Aborted Arc: At the end of season three, Kelly started falling in love with Jason again after he fought off her crazy boyfriend. Even with Jason's new relationship souring any possibility of the divorced couple re-uniting, the door was still open. Come season four, Kelly's happily divorced and shows no signs of wanting to be married to Jason again.
In a more literal, punny sense, the last minute of season four: when Derwin asked Melanie if he aborted his child.
Abuse Is Okay When It's Female on Male: Unfortunately, played straight when Tasha visits Malik's father, Chauncy. When Tasha visits his place one too many times, Chauncy's wife thinks he's cheating on her. When he runs outside and tries to explain that he didn't, she punches him in the face. He comes back, holding his left eye, and the Laugh Track comes on, portraying this as humorous.
All Men Are Perverts: The reason many ballers' wives claim they have to be that much better in bed in order to keep their men from straying, because of all the temptation out there for the picking. Malik pretty much screws anything that walks, except for the few attempts at having a dedicated relationship. On the other hand...
All Women Are Lustful: ...the women aren't exactly chaste either, especially in season four. The wife of the Sabers owner regularly cheats on her husband with Malik, and threatened to blackmail him when he refused her advances overtime. Women in lingerie often appear in Derwin's hotel rooms. The girlfriend of TT, Malik's best friend, screws Malik behind TT's back one day. The Game is pretty much one of the only shows that exhibit lusty behavior on both genders.
Break the Cutie: Poor Kelly. Jason's authoritative attitude and insecurities keep rubbing off on her throughout the first two seasons. During one season one episode, she was so exhausted from Jason's repeated demands, she had an anxiety attack.
Chivalrous Pervert: Malik may be a womanizer, have his own built-in strip club, and prides himself on his own library of amateur porn, but he doesn't take lightly to women being treated like dogs by other men. When Malik's half-sister was about to be taken advantage of by men more lecherous than himself, he brought in her father to help get her away from the guys. When Malik witnessed the Sabers owner diss his own wife in public because of her Stripperific outift, despite the fact that she planned to blackmail Malik, he still felt bad for her.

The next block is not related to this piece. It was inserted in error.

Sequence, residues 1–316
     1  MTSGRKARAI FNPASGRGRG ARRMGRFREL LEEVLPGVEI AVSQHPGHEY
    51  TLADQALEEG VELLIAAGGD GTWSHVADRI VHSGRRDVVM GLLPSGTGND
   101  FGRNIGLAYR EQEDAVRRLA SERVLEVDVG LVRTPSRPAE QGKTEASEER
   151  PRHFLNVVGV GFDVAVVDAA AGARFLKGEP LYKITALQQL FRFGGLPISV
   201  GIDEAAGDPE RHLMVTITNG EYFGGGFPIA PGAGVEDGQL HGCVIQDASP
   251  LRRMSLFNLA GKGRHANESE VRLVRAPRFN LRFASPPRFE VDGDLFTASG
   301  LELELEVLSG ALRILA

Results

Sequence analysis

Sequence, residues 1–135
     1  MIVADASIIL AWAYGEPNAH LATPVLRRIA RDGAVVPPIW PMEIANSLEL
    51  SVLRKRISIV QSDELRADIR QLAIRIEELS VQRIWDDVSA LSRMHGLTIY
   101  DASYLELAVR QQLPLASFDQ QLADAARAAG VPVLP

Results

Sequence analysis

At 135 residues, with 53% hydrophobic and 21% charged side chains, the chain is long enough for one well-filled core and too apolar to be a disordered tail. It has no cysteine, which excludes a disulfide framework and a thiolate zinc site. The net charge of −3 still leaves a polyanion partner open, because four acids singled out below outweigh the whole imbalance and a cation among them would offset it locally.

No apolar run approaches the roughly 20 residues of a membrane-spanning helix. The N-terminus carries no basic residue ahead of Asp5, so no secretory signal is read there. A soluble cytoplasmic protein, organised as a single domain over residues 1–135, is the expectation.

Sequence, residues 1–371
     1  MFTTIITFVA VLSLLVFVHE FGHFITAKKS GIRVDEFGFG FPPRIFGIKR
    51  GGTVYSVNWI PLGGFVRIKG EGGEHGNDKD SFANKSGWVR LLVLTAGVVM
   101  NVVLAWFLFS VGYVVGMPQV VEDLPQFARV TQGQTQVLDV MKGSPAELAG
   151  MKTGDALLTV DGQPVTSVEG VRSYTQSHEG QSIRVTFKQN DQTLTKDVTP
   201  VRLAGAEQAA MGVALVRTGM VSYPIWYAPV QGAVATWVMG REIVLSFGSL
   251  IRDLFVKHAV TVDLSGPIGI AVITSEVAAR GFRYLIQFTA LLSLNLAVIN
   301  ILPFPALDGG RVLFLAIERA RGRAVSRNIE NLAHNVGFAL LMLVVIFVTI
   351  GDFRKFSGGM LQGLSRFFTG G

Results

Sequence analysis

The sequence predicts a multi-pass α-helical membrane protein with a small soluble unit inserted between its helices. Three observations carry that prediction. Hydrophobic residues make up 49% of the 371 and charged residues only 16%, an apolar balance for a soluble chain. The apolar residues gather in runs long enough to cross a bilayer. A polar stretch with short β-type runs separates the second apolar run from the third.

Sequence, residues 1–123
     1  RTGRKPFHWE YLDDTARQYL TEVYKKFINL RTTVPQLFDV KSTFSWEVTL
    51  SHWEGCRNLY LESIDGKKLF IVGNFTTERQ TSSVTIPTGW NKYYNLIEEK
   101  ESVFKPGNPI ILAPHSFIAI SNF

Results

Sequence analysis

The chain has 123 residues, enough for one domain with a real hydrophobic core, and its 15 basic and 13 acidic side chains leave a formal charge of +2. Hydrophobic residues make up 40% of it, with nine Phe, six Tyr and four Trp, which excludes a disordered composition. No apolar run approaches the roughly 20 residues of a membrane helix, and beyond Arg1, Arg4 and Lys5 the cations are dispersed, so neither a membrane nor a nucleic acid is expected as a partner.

He also wouldn't sleep with Melanie when she threw herself at him in grief, knowing that she would regret it horribly later.
Convicted by Public Opinion: Given how the show is focused around the NFL, the press and fans often perceive the players' actions differently from what viewers see them do in their everyday lives, or assume the worst of their actions when things go wrong for the players and/or their respective Sabers team. In the latter category, this is taken to the extreme when Derwin left the Sabers' rookie quarterback vulnerable to a knee injury by blatantly missing an easy tackle. The media and Sabers fans intensely express their disdain for Derwin afterward, especially when some reporters brought up the disagreements between Derwin and the QB prior to the injury. Ironically enough, this happened during a post-interview game the Sabers won, despite the team getting trounced in a Curb-Stomp Battle before Malik came in as the backup QB.
Crapsaccharine World: One of the better examples portrayed in scripted TV. The world of professional sports looks very sheen and high class on the surface, but on the business end, questionable practices and shady internal politics often rear their ugly heads. The San Diego setting also brings home a high quotient of beautiful women, which makes it hell for the engaged/married players. But even these temptresses come with their own agenda, as many of them aspire to get impregnated by a Sabers player for child support. Backstabbing is quite common amongst businessman and players, simply to reach their aspiring goals (and may come with a cost for those who abandon their friends along the way). For players who act wisely on and off the field, they won't have many regrets come retirement time, but with the number of people chewed up and spit out by the perils of the professional sports life, it's the exception more than the norm.